In fact, only two of them seemed to make a real difference for their quarterbacks at all. And those two aren't Hall of Famers, but merely a couple of decent players, Keenan McCardell and Yancy Thigpen. McCardell joined Tampa Bay for its Super Bowl run two years ago, and he provided an important target for quarterback Brad Johnson. But McCardell wasn't the no. 1 receiver in Tampa Bay the way Owens is in Philly -- Keyshawn Johnson filled that role. Similarly, Thigpen joined the Tennessee Oilers in 1998 and helped in the development of Steve McNair, but the Oilers' top two pass catchers were tight ends Frank Wycheck and Jackie Harris.
More typical of the situations where a quarterback got to add a star receiver to his arsenal was the arrival of David Boston in San Diego last year. Boston joined the Chargers only a year removed from leading the league with 1,598 receiving yards, but he clashed with the coaching staff and caught a modest 880 yards from Drew Brees. After the season ended, Boston was shipped to Miami and the Chargers had drafted Brees's replacement.
And even Brees-to-Boston turned out better than several pairings of new star receivers with established quarterbacks. Cris Carter ended his retirement in 2002 to join the Miami Dolphins and caught a whopping eight balls for 66 yards while suffering through health problems. He made such a minimal impact that there's no sense in discussing how he affected Jay Fiedler. Although, come to think of it, he'd probably be welcome in Miami this season -- the offense couldn't get any worse.
Often a star receiver arrives to join an established quarterback, only to find that the team he's joining has too many holes to plug. In 1994 Anthony Miller signed with the Denver Broncos and became John Elway's deep threat, leading the team with 1,107 yards and five receiving touchdowns and averaging an impressive 18.5 yards per catch. But Elway's statistics actually got worse. Miller was one of the few bright spots for the Broncos, who lost wide receiver Mike Pritchard (who would have been a fine No. 2 to Miller) to injury, had an abysmal defense, and finished 7-9.
Of all the instances of new star receivers joining established quarterbacks, the one that looked at the time most like Owens joining the Eagles was the addition of John Jefferson to the Packers in 1981. Jefferson was a young star who was unhappy with the San Diego Chargers. Like Owens, Jefferson was in a contract dispute, so the Chargers shipped Jefferson to Green Bay. The Packers were sure they had just the man to be the perfect target for quarterback Lynn Dickey. Dickey improved marginally, but Jefferson had little to do with it, catching only 39 balls in his first season in a Packers uniform.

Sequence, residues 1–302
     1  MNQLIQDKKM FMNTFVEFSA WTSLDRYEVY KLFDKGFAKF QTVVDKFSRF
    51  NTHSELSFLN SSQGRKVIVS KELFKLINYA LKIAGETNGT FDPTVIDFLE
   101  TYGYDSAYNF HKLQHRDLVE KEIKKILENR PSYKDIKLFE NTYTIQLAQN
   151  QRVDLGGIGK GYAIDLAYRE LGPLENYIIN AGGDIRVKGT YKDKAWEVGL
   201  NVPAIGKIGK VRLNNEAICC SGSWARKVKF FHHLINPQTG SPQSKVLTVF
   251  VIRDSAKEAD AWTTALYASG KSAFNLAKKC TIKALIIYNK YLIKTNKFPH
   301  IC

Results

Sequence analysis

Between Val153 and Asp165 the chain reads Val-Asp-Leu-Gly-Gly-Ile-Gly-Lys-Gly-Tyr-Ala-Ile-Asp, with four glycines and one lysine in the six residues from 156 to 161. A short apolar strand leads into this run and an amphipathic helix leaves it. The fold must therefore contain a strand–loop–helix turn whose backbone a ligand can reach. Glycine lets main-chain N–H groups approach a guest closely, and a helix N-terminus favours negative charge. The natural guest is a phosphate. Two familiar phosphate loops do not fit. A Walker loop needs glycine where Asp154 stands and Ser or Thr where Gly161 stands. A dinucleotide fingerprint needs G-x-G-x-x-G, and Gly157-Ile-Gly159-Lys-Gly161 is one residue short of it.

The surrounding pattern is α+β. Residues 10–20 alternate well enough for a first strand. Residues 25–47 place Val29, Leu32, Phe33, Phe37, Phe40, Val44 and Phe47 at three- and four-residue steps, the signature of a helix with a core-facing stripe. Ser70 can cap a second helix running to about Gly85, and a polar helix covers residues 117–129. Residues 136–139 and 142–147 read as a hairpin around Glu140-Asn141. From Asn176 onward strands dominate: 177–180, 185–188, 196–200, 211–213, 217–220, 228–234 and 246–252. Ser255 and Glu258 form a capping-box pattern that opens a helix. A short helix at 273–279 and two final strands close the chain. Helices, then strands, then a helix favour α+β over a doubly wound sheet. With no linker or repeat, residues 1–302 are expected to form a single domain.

So why has McNabb-to-Owens been different? Part of the reason is that Owens needed to succeed more than most star receivers who have switched teams. He had developed such a bad reputation in San Francisco that, despite his great talent, the Ravens and Eagles were the only two teams that had any interest in him. That might have been the wakeup call Owens needed to teach him that end zone antics are tolerated only if they are performed by a player who's respected by his teammates.
The addition of Owens is also significant in relation to the performance level of the players he replaced. It is one thing to add a star wideout to a group of average receivers, but in Philadelphia Owens was added to probably the worst wide receiver corps in the NFL. McNabb knows that he no longer can use his sub-par receivers as an excuse for poor performance, and with Owens down the field he feels much more confident throwing long instead of dumping off to Brian Westbrook. It isn't that McNabb was not a great quarterback before, but a great quarterback needs receivers to throw to, even average ones. Now that McNabb has a receiver of superior ability, he is playing at a level that was impossible when his weapons were limited. That level has the Eagles far above the rest of the conference and on a course that will probably take them to the Super Bowl.
A shorter version of this article appeared in Wednesday's edition of the New York Sun.